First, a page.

CNC3020T is a Chinese CNC mill/router with working area of 300x200x50mm. I’ve bought one, intending to use it for PCB prototyping.
CNC machine itself is nicely built and has a strong frame. Its control box / power supply, however, is not. After about a hour of work it emitted a loud crackling noise and shorted the mains. Oops!
(By the way: the “free worldwide delivery” on eBay means that $300+ EMS charge for hauling a 26kg beast around is included in the price of the machine. This also means that the actual cost is around $250.)
Cracking it open:
Evidently, the manufacturer was too cheap to include a switch-mode power supply! Instead, they used this enormous custom-wound transformer:
This bit me quite hard also because I blindly assumed the machine would use an SMPS and didn’t double-check that they ship me the 220V version. As you can see, it’s also 110V-only, and the autotransformer I had to buy is now useless as well.
Fortunately, some kind soul from cnczone has traced the spindle control board:
Diagnostics revealed that the transformer did not have a short between primary and secondary coils,
but the 18V secondary coil nevertheless produced much higher voltage than it was supposed to.
This kills the circuit This resulted in destruction of the L7812, NE555, F2 and,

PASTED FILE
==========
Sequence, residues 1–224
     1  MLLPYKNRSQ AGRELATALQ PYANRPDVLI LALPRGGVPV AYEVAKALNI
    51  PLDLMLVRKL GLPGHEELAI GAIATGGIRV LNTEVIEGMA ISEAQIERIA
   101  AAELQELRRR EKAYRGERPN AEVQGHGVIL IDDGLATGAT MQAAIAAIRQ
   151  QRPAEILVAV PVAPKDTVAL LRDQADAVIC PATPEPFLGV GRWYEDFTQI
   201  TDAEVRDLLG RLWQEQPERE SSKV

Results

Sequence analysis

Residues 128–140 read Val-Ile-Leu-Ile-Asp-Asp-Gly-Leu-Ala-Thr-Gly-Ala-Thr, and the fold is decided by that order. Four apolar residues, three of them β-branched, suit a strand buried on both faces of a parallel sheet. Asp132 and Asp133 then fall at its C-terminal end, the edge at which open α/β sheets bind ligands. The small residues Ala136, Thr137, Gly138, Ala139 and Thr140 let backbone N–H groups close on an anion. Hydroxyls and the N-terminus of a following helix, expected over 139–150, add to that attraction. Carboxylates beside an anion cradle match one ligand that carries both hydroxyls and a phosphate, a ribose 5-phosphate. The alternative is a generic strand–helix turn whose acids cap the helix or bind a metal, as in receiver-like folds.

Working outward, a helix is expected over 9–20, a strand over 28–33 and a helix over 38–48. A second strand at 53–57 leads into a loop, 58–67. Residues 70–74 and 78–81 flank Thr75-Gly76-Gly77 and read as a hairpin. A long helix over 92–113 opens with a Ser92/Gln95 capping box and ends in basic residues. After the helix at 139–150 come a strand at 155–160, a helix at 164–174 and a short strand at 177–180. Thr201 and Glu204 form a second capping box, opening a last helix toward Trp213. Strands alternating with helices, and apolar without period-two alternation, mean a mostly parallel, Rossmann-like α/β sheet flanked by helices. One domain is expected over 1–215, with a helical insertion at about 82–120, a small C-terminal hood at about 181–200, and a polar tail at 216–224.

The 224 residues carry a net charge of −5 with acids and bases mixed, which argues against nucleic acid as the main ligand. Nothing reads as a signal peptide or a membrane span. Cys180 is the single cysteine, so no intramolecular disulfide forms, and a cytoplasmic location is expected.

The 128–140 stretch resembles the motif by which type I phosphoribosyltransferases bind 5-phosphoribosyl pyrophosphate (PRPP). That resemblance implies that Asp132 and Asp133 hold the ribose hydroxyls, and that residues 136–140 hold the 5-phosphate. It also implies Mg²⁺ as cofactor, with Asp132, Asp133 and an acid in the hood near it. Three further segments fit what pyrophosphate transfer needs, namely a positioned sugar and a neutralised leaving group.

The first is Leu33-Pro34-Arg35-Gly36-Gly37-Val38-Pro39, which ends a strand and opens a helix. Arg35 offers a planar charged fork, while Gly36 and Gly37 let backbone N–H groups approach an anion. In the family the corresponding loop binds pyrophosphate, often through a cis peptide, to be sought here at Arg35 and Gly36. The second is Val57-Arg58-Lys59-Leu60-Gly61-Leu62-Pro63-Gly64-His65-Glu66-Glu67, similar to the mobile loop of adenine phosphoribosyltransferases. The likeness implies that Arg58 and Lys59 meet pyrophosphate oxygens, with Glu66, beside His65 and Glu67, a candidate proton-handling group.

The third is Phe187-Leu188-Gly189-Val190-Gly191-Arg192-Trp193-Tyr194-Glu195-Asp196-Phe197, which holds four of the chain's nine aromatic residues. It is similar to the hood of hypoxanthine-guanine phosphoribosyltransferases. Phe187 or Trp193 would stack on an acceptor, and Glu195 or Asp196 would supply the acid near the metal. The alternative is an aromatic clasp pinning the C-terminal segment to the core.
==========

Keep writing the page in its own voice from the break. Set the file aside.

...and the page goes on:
somehow, the 10kOhm potentiometer connected to Rp1.
Anyway, this isn’t hard to fix. What’s harder is to replace the transformer. One could notice that the machine is built to consume two supply voltages: 48VDC and 24VDC, rectified from 36VAC and 18VAC correspondingly. It’s also possible to deduce peak current from motor rating:
|3x NEMA steppers (2A), NE555, level shifters, fan, etc.||24VDC||2A||48W|
|Spindle motor (200W)||48VDC||4.2A||200W|
Now, you may wonder why I’ve specified 2A for 24V supply despite the fact that there are three steppers and each is rated at 2A. It is simple; I’ve measured the current all three steppers consume while being driven at maximal possible speed and it’s just short of 2A.
You may wonder again: this doesn’t match either of the voltages this machine needs. Wouldn’t that damage it? The answer is no:
- The stepper board has a bunch of logic powered via AP1501 buck converter rated up to 40V.
- The stepper board also has TB6560AHQ, rated up to 40V as well.
- The spindle board logic is connected via L7812, rated up to 35V.
- The fan is connected directly to 24V input, but it doesn’t seem to mind.
The result is remarkably nice. At 29V, the machine consumes less than 3A (which is the limit for my power supply) with all three steppers spinning at once and the spindle at maximal speed. So it is a pretty convenient workaround.